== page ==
New Zealand weightlifter Laurel Hubbard has announced her retirement from the sport after her first Olympic appearance.
The 43-year-old is considered by the International Olympic Committee (IOC) to be the first openly transgender athlete to compete at an Olympic Games.
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Hubbard's presence at the Tokyo Games sparked debate about the rules around transgender athletes, but it proved to be a storm in a teacup as the admittedly 'overwhelmed' Kiwi was unable to complete a successful lift and qualify beyond the first round.
Nevertheless, Hubbard's determination to compete was hailed by transgender activists around the world.
With many of her competitors nearly 20 years her junior, Hubbard said it had become increasingly clear it was time to give up her weightlifting dreams.
Notoriously private outside of competition, Hubbard said she was keen to return to her low-profile life in New Zealand.
"Age has caught up with me. In fact if we're being honest it probably caught up with me some time ago," she said.
"My involvement in sport is probably due, if nothing else, to heroic amounts of anti-inflammatories, and it's probably time for me to start thinking about hanging up the boots and concentrating on other things in my life."
Transgender athlete Laurel Hubbard thanks IOC for support
Hubbard praised the IOC for showing "moral leadership" in adopting inclusive polices that allowed her to participate at the Games.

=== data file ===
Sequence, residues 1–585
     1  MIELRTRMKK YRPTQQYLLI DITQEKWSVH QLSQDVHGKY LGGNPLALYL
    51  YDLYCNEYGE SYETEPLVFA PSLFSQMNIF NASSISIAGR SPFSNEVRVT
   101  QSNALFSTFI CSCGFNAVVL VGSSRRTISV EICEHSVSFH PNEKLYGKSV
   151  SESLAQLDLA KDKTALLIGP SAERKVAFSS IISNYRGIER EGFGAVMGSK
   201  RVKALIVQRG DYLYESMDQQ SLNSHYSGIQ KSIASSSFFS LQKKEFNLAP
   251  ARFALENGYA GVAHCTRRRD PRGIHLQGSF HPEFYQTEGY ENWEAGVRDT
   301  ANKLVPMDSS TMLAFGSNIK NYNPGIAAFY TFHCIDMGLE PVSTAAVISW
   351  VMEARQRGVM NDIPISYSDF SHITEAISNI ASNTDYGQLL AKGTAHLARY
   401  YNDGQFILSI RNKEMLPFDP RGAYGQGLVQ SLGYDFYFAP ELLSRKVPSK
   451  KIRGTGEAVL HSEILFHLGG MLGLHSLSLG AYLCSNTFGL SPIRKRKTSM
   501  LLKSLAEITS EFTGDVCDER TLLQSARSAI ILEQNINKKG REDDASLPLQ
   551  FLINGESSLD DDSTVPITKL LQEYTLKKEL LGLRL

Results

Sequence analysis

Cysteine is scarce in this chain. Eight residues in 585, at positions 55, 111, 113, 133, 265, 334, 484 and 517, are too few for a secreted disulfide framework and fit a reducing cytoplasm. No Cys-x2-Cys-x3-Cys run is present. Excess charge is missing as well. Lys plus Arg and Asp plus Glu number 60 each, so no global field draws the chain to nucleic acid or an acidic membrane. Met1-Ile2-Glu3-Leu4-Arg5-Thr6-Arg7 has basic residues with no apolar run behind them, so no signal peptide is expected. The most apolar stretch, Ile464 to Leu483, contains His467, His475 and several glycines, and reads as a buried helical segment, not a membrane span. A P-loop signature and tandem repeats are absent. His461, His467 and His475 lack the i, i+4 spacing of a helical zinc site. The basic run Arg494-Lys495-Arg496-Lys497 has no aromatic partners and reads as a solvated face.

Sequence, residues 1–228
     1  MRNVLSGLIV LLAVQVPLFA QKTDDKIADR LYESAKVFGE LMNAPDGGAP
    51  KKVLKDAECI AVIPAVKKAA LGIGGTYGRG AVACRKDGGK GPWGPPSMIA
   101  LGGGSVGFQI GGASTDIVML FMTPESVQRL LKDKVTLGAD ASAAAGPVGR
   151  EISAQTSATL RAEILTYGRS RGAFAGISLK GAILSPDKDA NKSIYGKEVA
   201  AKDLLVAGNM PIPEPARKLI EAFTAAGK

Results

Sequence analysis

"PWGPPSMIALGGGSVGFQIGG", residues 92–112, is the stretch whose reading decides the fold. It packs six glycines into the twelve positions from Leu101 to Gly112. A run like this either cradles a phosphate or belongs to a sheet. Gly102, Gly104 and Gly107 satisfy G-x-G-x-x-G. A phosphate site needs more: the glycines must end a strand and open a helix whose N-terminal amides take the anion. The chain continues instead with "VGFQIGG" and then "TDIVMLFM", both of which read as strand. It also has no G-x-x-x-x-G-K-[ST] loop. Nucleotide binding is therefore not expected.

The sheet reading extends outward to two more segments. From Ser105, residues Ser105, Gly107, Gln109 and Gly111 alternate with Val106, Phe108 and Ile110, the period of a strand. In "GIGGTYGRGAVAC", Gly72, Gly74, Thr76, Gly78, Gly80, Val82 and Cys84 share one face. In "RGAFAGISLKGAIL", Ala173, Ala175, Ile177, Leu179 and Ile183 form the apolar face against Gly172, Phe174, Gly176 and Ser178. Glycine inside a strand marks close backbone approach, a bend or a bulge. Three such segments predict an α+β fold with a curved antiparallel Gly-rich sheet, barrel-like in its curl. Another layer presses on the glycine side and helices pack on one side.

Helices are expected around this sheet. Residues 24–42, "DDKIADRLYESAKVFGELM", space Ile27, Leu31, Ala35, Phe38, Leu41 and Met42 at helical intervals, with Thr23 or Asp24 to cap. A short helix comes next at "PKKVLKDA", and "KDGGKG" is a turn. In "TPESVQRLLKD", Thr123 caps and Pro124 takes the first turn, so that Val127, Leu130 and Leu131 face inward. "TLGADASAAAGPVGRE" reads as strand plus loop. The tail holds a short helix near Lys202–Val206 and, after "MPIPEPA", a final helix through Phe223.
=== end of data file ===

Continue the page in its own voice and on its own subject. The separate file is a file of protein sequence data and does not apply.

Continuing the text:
"I'm not sure that a role model is something I could ever aspire to be, instead I hope that just by being I can provide some sense of encouragement," she told reporters.
Critics argue athletes such as Hubbard, who was born male and transitioned to female in her 30s, have physical benefits hardwired into their bodies during their formative years.
These include greater muscle mass and lung capacity, leading to fears that female-born athletes could be forced to compete on an uneven playing field.
The IOC, under guidelines adopted in 2003, only allowed transgender participation for athletes who had undergone gender reassignment surgery but dropped the requirement in 2015, instead focusing on lower testosterone levels.
The governing body is set to release new guidelines on the issue after the Tokyo Games are completed.
Hubbard said she welcomed the discussion about the issues her debut had highlighted.
"I'm certain that a conversation needs to be had," she said.
"Although we have rules at the moment, they will no doubt change and evolve as more is known about transgender athletes and what that means for participation in sport."
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